new Delhi35 minutes ago
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The case relates to the controversy over not transferring 18 crore warrants redeemable as shares to Kalanithi Maran and KAL Airways after transfer of control of the company to Ajay Singh.
- SpiceJet was caught in severe cash crisis in late 2014
- In February 2015, Ajay Singh took control of SpiceJet.
Affordable airline SpiceJet will not have to deposit an interest amount of about Rs 243 crore in the ongoing share transfer dispute with Kalanithi Maran and his company KAL Airways. The Supreme Court has stayed that order of the Delhi High Court till further order in which SpiceJet was asked to deposit this amount. Kalanithi Maran and KAL Airways are old promoters of SpiceJet.
A bench of Chief Justices SA Bovde and Justices AS Bopanna and V Ramasubramaniam also issued notice to Kalanithi Maran and his company against an appeal filed by SpiceJet and its promoter against the Delhi High Court order of 2 September. Response to notice is sought in 4 weeks. The case was heard on Friday through video conferencing.
SpiceJet was asked to deposit in 6 weeks
SpiceJet and its promoter Ajay Singh were asked to deposit Rs 243 crore as interest on an amount of Rs 579 crore. In 2017, the amount of Rs 579 crore was asked by the Delhi High Court to deposit SpiceJet in the share transfer dispute case. The High Court gave SpiceJet 6 weeks to deposit the interest amount and the deadline had expired on 14 October as per the 2 September judgment.
Maran and his company appealed to the High Court for not depositing the amount
After the expiry of the deadline and the non-payment of Rs 243 crore, Maran and his company had requested the High Court to attach Ajay Singh’s entire shareholding in SpiceJet and take control of the management. The Supreme Court accepted SpiceJet’s appeal to this and issued an interim order to stay the High Court order.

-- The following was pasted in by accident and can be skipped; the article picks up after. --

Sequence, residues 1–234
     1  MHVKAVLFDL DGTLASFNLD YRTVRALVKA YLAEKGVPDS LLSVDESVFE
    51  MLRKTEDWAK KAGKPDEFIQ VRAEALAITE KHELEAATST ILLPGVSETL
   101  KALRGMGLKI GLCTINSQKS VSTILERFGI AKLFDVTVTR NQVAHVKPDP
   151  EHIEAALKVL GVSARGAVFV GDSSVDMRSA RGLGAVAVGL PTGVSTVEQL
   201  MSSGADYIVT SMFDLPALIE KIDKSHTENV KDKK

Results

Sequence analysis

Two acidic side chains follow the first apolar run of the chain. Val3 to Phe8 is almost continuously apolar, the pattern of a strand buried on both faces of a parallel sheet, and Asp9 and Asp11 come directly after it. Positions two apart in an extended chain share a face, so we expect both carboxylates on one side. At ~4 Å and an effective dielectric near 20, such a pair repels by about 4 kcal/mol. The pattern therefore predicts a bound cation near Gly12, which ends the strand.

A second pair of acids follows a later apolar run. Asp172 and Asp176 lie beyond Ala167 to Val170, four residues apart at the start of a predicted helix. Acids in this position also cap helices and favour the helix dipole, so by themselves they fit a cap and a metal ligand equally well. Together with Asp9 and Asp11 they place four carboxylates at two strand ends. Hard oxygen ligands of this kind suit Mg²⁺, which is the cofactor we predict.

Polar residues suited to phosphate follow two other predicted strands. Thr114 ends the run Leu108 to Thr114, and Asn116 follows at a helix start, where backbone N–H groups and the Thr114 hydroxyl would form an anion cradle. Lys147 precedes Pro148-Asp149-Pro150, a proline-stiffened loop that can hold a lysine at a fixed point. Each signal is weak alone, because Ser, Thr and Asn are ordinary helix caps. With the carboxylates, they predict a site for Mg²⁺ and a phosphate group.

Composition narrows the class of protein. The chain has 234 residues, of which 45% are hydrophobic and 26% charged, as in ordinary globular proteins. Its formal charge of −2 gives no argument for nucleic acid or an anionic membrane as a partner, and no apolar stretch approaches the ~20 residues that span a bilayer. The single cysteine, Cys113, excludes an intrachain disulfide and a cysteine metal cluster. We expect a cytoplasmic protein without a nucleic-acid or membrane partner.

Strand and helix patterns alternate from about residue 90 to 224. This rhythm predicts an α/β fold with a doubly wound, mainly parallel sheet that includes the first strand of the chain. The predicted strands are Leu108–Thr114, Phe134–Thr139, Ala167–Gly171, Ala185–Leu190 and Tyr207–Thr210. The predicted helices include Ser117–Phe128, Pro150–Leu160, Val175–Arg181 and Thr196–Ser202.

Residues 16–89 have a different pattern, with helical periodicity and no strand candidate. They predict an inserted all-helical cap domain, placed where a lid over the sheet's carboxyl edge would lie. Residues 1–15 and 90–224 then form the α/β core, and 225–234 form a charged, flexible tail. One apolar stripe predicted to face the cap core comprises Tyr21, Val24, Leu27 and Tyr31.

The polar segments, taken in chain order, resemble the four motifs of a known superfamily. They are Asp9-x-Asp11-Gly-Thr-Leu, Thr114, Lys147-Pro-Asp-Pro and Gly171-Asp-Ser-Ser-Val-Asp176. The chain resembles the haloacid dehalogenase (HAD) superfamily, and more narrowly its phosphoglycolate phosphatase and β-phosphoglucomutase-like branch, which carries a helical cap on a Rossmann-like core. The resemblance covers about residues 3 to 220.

The High Court in 2016 asked the two sides to settle the dispute under arbitration.
Maran and KAL had approached the High Court in a share transfer dispute and demanded that 18 crore warrants redeemable as equity shares be transferred to them. The High Court had on 29 July 2016 asked the two sides to settle the dispute under arbitration. The High Court had asked SpiceJet and Singh to deposit Rs 579 crore in the High Court registry.
In 2017, the Supreme Court dismissed an appeal by SpiceJet against the High Court.
Spyjet was given a bank guarantee of Rs 329 crore and cash deposit of the remaining Rs 250 crore. In July 2017, the Supreme Court dismissed SpiceJet’s appeal against the High Court. On 20 July 2018, the Arbitral Tribunal rejected Maran’s claim of Rs 1,323 crore in damages for non-issuance of warrants to Maran and KAL Airways, but ordered refund of Rs 579 crore and interest. Maran then challenged the arbitration decision in the High Court.
Maran and KAL transferred 35.04 crore shares of SpiceJet to Singh for just 2 rupees.
The case is related to the controversy arising out of the issuance of warrants to Maran after SpiceJet’s transfer to Ajay Singh, the controlling shareholder of SpiceJet. In February 2015, Singh took control of the company after SpiceJet was caught in a financial crisis. Maran and KAL Airways transferred all 35.04 crore equity shares (58.46% stake of SpiceJet) in SpiceJet to Singh, the company’s co-founder, in February 2015 for just Rs 2. The company was stuck in debt and had to shut down operations for a day in December 2014 due to lack of cash.